THERE WAS A TIME when journalists got to know athletes.
There was a time when journalists went beyond public relations specialists and sports agents and learned about the lives of our sporting heroes. George Plimpton, among the greats who practiced New Journalism, even practiced with the Detroit Lions. As a quarterback. He even got into a professional game, and his book about the experience was made into a movie.
These days, all of the media - bloggers, reporters, broadcasters - are herded into press conferences where they all receive the same information, and it's hard to get beyond the superficial facts.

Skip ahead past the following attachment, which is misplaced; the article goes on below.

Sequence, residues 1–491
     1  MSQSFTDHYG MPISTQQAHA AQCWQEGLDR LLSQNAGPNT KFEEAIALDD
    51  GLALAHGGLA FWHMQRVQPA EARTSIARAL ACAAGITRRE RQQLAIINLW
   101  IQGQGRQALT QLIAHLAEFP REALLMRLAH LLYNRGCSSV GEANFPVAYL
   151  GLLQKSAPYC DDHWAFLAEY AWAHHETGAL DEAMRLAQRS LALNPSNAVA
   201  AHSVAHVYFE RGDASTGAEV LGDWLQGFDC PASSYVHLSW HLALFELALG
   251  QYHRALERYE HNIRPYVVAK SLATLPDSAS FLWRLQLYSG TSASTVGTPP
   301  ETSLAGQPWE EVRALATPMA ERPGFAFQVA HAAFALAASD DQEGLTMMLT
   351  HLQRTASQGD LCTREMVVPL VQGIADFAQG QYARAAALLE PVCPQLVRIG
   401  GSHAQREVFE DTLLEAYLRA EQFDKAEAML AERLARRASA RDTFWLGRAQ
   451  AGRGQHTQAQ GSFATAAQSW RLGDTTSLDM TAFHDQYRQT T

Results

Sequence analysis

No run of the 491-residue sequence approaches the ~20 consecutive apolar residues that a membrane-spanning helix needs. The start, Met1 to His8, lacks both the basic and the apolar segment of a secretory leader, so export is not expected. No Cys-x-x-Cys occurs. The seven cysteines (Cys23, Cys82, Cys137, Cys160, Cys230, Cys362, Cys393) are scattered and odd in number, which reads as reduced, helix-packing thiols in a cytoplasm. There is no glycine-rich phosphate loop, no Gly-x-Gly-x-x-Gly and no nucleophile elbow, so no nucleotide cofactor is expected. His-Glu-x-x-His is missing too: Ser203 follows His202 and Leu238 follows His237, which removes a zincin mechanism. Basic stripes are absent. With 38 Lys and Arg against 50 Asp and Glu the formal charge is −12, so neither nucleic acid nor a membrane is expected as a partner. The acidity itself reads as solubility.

Dan Shaughnessy of the Boston Globe wrote, "Today's players are protected from the media by team publicists. There are too many people with media passes. Players don't need us. We are a nuisance - tolerated at best. Interview access is parsed out like a high school hall pass."
Is this a matter of allowing athletes to have their privacy or is this a way for sports teams (and athletes) to control the messages that are coming out?
Because there is such a massive proliferation of media outlets, have we lost the ability to get information?
10 months ago